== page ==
A book I’m reading directed me to a research paper called “Explorations in Automated Language Classification” which I didn’t read because I’m not a nerd but I did skim/scan. The book was talking about how language changes over time, which I knew because I’m so smart, but it also learned me that some words are more stable than others because I’m so dumb. Some words lose or change meaning quickly, like the word computer, which meant “A woman who performs calculations” only for a few years before it meant “magic box that makes people angry”.
This was brought up in the context of the plays of Shakespeare. If you read them now someone super smart like me can mostly figure out the meaning but there’s a lot of nuance that is lost and someone dumb like a dumb dummy can’t follow it at all. And then it talked about Beowulf, which is technically written in English but is incomprehensible to even a super smart person like me. But even in Beowulf there are words here and there that you recognize today.
The gist of all this is that the more common a word is the more likely it is to “stick” and the less a word is used the more likely it is to be forgotten or changed. In the paper they categorized the words that are the same now as they were a 1000 years ago (in English) which they assume have a good chance of staying the same for another 1000 years or longer –
Blood, bone, breasts, die, dog, drink, ear, eye, fire, fish, full, hand, hear, horn, knee, leaf, liver, louse, mountain, name, new, night, nose, one, path, person, see, skin, star, stone, sun, tongue, tooth, tree, two, water
There’s probably some kind of writing challenge that can be made out of this list but I’m too cool and lazy to care about it. I just thought it was interesting.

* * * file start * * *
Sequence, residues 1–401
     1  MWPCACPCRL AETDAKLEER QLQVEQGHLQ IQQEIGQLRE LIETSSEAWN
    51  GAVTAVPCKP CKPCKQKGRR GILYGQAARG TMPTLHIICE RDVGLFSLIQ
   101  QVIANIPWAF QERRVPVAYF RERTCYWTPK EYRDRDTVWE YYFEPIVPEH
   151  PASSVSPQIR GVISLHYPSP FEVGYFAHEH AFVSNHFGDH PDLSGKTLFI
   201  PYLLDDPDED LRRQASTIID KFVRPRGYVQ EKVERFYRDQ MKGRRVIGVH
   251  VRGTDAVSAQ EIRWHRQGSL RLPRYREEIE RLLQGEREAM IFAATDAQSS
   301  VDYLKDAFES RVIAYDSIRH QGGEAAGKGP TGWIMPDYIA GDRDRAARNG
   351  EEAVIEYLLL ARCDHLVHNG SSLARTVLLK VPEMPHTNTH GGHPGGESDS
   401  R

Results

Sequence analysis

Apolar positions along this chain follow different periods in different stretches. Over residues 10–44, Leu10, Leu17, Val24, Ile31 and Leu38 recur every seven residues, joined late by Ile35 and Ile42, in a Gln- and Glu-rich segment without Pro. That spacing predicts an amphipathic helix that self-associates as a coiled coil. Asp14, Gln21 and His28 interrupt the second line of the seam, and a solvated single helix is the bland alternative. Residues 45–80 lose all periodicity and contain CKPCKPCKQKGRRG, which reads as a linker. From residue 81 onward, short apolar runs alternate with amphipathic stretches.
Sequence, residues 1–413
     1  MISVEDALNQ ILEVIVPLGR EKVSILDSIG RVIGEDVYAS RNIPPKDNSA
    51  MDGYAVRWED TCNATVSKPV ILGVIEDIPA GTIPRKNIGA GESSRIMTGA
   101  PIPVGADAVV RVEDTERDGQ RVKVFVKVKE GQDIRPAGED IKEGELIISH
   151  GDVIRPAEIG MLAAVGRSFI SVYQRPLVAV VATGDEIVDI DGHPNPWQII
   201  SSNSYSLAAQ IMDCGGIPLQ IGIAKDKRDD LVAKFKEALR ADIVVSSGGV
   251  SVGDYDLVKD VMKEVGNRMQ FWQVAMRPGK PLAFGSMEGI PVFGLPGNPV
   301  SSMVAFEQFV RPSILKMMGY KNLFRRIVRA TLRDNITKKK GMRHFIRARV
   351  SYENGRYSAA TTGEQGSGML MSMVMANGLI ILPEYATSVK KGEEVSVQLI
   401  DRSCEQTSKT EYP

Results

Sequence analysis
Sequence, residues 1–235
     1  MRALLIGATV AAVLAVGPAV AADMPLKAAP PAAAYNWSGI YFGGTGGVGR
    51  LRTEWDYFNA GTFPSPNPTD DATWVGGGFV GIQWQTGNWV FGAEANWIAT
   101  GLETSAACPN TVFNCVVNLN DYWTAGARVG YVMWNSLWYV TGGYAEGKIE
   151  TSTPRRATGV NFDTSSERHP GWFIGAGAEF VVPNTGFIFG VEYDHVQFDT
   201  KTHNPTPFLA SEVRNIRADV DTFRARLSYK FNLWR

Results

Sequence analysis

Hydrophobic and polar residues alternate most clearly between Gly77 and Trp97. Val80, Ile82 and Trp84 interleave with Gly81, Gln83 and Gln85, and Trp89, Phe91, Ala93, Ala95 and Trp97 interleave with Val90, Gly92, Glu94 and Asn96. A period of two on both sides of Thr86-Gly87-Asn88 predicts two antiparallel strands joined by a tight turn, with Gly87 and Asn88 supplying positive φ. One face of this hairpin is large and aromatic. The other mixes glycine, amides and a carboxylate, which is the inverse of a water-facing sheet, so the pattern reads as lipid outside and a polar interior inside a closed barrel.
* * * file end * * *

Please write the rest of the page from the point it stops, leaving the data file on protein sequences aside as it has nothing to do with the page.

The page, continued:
I’m surprised that liver is on the list. I feel like I hardly ever say liver. Maybe that was more important in the last 1000 years when people were butchering animals, although neither “save” nor “get” are on the list so maybe livers were so important you didn’t need to tell someone to get it.
Breasts is on the list of course, but knee is a surprise. Who knew people were so into knees? I hate knees. When summer rolls around and the young people put on their short shorts I hate it. Cover up your knees people. I bet most people in olden times had bad knees, but “hurt” or “pain” isn’t on the list so maybe they just said “knee die”. Or again, maybe everyone knew their knees hurt so it didn’t need to be said.
At first I thought that louse was another outlier but then I remember that until like 1980 everyone was swarming with lice and fleas and parasites so it makes sense.
I find it interesting that people mostly only needed to count to two, and that “zero” or “none” or “nothing” isn’t on the list. I suppose people just shrugged when they didn’t find any livers to eat.
Anyway, I’m going to change my name to Sun-Tongue Tree-Tooth so people in a thousand years will understand.